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Here are five steps schools can take to


help students become independent, literate


learners in content areas.


A 8 Leadership


year ago I attended a meeting featuring special guest Sally Ride, the first female astro- naut. She came to this meeting


of curriculum and instruction specialists gathered from all parts of California to answer a single question: Why do children lose interest in science, especially as they move through the grades in school? Ride’s active participation at this meet-


ing affirmed her interest in keeping the pipeline of developing scientists on the cutting edge for the United States. A fur- ther affirmation of her commitment to the improvement of science education was her founding of the Sally Ride Science Founda- tion, guided by the motto “To inform and inspire through innovative science pro- grams and publications.” As the meeting unfolded, responses re-


sounded quickly and in unison. Most par- ticipants agreed that providing more hands- on activities in science would improve both teachers’ science instruction and students’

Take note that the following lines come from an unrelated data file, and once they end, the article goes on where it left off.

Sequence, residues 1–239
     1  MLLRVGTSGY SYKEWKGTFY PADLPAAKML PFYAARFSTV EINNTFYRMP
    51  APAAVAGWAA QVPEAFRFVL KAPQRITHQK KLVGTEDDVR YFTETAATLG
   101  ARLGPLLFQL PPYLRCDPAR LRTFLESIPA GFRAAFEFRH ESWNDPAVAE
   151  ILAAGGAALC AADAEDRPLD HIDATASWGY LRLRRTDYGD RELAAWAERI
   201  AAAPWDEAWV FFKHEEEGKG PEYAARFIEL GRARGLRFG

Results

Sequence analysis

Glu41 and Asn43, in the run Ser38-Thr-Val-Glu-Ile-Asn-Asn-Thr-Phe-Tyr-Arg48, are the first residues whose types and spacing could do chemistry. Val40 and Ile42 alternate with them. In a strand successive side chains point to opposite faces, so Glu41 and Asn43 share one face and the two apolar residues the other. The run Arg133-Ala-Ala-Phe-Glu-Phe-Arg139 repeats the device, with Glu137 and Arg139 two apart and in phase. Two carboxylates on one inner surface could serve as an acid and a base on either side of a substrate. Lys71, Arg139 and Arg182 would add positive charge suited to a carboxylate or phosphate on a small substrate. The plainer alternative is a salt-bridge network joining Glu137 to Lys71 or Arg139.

intrinsic interest. Teachers need to make science fun. As I listened, I reflected on my recent walk-throughs in schools, watching our exemplary elementary teachers either involving students in hands-on science ac- tivities and experiments or explaining sci- ence concepts in a direct-instruction mode while the students participated in some type of note taking. Rarely was I seeing the sci- ence textbook used as a tool during the sci- ence lesson.


When text becomes more difficult I began to formulate this question:


As text becomes more difficult in middle school and in high school, are teachers help- ing their students develop the schema nec- essary for dealing with complex, expository text at the higher lexile levels? In my con- versation with Sally Ride, I briefly described my contention that text complexity and lex-


By Sue Kaiser and Greg Kaiser


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